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Johnson signals coronavirus inquiry will begin within a year

·3 min read

A “full, proper” public inquiry into the Government’s handling of the coronavirus pandemic could be established within a year, Boris Johnson has said.

The Prime Minister committed to setting up the inquiry within the new session of Parliament which started on Tuesday.

Although there is no fixed length for a parliamentary session, they typically run for around a year.

“I can certainly say that we will do that within this session,” the Prime Minister told MPs in the House.

“I have made that clear before… I do believe it’s essential we have a full, proper public inquiry into the Covid pandemic.”

Mr Johnson was responding in the Commons to a question from Liberal Democrat leader Sir Ed Davey, who urged him to set up the inquiry “on behalf of bereaved families across the country”.

Deputy Labour leader Angela Rayner said: “We welcome this commitment and will hold the Prime Minister to it.

“It must be entirely open and truly independent, have the trust and confidence of bereaved families, and cannot be an exercise in the Government marking its own homework.

“We went into this pandemic with the foundations of our public services and our communities weakened by a decade of Conservative governments.

“We must learn lessons from that, as well as from how the crisis has been handled.”

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But Jo Goodman, co-founder of campaign group Covid-19 Bereaved Families for Justice, said there could be no delay on the inquiry.

“An inquiry must begin this summer. The Prime Minister may feel he can wait for answers, but bereaved families certainly can’t,” they said, responding to Mr Johnson’s statement.

“Learning lessons from the pandemic is critical to saving lives now and in the future. The Prime Minister knows that and he’s said as much.

“So why does he think it can wait? Who delays learning critical lessons that can save lives?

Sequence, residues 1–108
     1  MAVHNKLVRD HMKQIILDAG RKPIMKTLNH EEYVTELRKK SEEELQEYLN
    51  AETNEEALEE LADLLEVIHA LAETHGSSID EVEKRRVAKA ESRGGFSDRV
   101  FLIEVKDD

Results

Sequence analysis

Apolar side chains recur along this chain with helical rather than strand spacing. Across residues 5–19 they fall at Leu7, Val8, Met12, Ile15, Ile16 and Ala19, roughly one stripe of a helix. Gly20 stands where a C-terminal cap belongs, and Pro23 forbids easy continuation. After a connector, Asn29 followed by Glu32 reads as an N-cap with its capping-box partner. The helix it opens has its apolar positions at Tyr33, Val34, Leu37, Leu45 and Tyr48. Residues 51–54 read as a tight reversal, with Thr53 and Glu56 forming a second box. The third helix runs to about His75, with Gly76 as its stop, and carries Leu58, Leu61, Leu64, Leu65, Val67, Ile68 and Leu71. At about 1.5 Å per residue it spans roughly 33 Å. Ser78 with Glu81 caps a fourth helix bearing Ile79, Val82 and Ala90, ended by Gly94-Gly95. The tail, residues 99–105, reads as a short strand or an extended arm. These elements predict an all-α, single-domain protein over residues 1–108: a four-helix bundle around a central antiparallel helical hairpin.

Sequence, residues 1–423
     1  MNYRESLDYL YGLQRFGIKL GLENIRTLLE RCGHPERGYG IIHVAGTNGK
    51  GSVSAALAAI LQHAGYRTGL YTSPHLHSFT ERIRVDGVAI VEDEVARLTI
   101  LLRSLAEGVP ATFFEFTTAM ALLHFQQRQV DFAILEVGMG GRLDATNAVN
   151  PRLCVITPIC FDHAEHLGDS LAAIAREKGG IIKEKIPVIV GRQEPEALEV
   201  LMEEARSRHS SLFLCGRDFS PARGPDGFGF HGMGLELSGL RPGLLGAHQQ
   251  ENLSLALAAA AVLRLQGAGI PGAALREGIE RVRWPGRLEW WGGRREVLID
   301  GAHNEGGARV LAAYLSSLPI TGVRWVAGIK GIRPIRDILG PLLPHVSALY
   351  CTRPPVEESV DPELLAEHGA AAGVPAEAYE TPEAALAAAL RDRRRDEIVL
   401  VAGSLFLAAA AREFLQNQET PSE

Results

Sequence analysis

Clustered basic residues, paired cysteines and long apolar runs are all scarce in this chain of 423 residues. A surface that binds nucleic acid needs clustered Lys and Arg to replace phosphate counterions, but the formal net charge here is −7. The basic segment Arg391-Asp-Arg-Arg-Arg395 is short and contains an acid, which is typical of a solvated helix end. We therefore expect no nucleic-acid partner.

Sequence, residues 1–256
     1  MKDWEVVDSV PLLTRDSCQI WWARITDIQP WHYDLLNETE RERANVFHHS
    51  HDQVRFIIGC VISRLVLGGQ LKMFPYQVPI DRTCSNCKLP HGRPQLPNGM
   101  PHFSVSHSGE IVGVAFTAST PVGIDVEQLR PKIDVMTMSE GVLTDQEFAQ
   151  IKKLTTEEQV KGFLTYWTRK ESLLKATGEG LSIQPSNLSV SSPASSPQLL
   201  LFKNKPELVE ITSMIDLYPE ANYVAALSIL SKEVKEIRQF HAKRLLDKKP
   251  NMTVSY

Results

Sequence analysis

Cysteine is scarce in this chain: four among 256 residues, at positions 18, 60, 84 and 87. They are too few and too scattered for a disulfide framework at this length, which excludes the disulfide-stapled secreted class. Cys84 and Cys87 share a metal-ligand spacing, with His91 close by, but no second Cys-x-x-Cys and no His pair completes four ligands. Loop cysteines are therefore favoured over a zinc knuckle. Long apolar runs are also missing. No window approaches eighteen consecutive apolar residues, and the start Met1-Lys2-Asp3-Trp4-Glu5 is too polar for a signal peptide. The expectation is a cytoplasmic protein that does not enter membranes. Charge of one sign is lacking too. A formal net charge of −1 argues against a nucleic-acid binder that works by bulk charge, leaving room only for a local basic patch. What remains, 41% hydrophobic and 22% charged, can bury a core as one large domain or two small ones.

“We know that the majority of the public support an independent inquiry and that 72% of those that do want one by the autumn, so the Prime Minister needs to get on with it like the British public want.

“The Prime Minister also again failed to commit to a statutory inquiry.

“Anything less would mean that no-one would be compelled to give evidence under oath.

“Simply put, it means the truth can be avoided and the right lessons aren’t guaranteed to be learned – yet a further insult to bereaved families.

“We are now drafting terms of reference that bereaved families would find appropriate for a judge-led, statutory inquiry and seeking an urgent meeting with Government representatives to ascertain what the Prime Minister means by a “full proper public inquiry”.

It comes as one scientist said a third wave may already have begun in the UK.

Paul Hunter, professor in medicine at the University of East Anglia, said: “Today 2,427 new cases of Covid have been reported in the UK.

“That is a 27% increase on the number of cases reported last Tuesday and means that in the last seven days there have been 15,895 cases reported, which is a 12% increase on the previous seven-day period.

“This represents the largest week-on-week increase since early January. Fortunately, as of yet there is no sign that hospitalisations have started to increase in the UK.

“There has been a lot of debate about when and if a further wave of infection will happen in the UK. The reports of today suggest that this wave may have already begun.”

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